How did you enter the recycling business? I had been working in the corrugated box business with Pratt Industries and was asked about joining the recycling division. It was 2007, and Pratt had one small baling plant in Greer, S.C., at the time. The aspiration was to grow the business to support our growing containerboard mill system, which is what we have done. We currently have 19 recycling facilities, from the East Coast through Texas.
Did you ever consider doing anything else for a career? I graduated from Michigan State University with a Bachelor of Science in packaging. After graduating, I was offered a job at a large containerboard mill system on the West Coast. Just prior to my packing up and leaving Michigan, I also was offered a job as a pharmaceutical sales rep on the East Coast. That was probably the only time I considered doing anything other than working in the paper industry, but I had [already] made the commitment to the packaging company.
What do you like most about the recycling industry? Every day is different and challenging. Markets can change week to week, and sometimes day to day. It keeps the job exciting. I also really enjoy the relationship dynamic in the recycling industry. I cannot think of too many other industries where buyers and sellers are competing against each other so aggressively, yet we need to treat each other as if we are best friends (and in many cases we are) because we know we will need each other as market dynamics change.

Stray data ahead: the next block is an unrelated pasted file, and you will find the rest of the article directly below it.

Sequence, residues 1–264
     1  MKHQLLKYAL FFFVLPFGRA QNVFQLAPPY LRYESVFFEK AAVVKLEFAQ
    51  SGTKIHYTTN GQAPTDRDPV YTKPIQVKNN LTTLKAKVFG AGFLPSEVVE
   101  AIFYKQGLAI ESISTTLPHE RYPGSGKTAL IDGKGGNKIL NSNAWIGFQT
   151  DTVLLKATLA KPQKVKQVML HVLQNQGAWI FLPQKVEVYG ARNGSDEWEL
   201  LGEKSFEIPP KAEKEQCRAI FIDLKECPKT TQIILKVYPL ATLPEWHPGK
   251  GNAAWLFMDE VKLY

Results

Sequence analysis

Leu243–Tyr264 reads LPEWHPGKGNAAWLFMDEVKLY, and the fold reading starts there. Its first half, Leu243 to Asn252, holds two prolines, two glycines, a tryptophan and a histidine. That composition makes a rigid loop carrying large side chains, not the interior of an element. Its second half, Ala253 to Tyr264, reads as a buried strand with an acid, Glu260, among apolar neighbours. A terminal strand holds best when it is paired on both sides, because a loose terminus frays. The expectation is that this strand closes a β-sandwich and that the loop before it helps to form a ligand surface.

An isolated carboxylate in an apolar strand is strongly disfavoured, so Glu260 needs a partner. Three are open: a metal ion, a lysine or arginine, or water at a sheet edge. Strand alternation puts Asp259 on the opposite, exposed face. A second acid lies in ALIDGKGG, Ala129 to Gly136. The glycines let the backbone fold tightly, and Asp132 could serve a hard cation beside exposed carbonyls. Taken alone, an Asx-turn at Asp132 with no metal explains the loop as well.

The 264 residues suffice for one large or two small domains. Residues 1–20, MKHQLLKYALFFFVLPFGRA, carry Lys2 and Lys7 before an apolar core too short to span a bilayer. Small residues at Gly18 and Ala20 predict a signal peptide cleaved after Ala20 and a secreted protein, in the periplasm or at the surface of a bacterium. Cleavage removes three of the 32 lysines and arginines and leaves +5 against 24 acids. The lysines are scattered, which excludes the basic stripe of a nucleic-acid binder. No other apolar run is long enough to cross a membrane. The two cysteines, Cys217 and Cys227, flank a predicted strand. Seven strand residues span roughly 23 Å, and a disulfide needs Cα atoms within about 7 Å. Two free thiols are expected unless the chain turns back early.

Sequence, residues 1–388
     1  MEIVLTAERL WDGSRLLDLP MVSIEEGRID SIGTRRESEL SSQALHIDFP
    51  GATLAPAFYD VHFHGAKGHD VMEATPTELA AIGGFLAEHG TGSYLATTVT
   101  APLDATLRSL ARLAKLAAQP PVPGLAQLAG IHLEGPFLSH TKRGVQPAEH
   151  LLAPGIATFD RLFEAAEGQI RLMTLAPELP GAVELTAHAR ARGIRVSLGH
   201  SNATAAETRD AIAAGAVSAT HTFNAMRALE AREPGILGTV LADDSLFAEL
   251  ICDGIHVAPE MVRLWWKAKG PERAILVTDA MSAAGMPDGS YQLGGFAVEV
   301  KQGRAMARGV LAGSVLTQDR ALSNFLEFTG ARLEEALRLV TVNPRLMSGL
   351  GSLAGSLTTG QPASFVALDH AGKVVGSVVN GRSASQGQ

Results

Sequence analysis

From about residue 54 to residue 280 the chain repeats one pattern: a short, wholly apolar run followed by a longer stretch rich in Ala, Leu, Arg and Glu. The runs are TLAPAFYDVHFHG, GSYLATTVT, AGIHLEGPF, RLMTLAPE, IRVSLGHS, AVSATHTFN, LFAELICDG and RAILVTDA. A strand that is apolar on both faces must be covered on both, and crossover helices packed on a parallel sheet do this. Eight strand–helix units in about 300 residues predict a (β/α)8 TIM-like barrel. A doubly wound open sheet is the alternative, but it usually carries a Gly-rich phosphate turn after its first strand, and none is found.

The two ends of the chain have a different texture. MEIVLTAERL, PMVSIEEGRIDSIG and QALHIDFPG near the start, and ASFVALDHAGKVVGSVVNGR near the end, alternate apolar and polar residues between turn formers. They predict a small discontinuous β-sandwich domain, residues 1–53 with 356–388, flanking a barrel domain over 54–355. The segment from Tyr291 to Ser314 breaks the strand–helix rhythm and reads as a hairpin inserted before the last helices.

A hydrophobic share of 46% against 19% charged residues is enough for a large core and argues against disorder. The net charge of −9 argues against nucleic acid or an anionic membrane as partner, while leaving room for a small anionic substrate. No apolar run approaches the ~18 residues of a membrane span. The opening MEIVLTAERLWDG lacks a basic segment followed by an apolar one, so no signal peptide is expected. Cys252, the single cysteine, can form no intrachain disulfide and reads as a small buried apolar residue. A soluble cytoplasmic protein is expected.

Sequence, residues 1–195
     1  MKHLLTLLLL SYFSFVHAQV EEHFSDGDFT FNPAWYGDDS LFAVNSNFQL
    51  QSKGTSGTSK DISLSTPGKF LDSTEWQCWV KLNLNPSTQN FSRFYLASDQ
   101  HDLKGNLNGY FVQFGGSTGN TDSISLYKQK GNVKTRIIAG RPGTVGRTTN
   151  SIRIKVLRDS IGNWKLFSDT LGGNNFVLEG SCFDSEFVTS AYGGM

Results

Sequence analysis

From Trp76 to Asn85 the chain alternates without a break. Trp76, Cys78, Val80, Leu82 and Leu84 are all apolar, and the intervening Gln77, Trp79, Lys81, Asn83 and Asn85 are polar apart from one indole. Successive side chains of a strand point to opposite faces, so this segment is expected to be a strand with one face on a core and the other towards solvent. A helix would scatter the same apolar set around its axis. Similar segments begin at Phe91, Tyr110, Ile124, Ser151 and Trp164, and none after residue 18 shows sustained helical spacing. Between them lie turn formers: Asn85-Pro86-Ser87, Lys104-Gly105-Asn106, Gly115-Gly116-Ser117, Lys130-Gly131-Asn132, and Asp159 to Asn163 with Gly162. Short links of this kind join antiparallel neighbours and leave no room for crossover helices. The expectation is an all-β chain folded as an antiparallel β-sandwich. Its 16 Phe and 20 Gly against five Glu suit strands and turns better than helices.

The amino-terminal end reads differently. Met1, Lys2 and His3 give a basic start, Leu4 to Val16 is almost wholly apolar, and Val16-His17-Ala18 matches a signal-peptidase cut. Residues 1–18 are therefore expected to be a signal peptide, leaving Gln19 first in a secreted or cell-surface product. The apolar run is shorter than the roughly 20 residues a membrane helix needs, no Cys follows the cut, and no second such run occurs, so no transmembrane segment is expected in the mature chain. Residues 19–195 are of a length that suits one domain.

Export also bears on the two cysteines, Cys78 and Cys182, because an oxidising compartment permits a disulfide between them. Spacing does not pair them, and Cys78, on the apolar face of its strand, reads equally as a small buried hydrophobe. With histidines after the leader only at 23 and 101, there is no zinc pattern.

What do you like least about the industry? There isn’t really anything I don’t like about the industry.
What’s the biggest challenge facing your company? Not enough domestic end-use markets for recyclable material. The industry really relied on the export market to consume materials collected in the United States. We need to focus on creating and developing end-use domestic markets.
How would you sum up your business philosophy? Communicate clearly; stay focused and committed; and follow up, follow up, follow up.
What are the keys to success in the recycling industry? With any industry, you need to have good people working with you. We have done a nice job at Pratt of surrounding ourselves with knowledgeable industry veterans, but we take calculated risks on young people as well. We need to make sure we have a pipeline of younger people to help grow our business, but also maintain key leaders that can be mentors and establish a legacy for others to follow.
What lessons have you learned about business in your career? One of the bigger lessons I have learned is that we need to operate with fairness, consistency, and a high degree of integrity. It is important for me to treat the people I work with the same way I would want to be treated.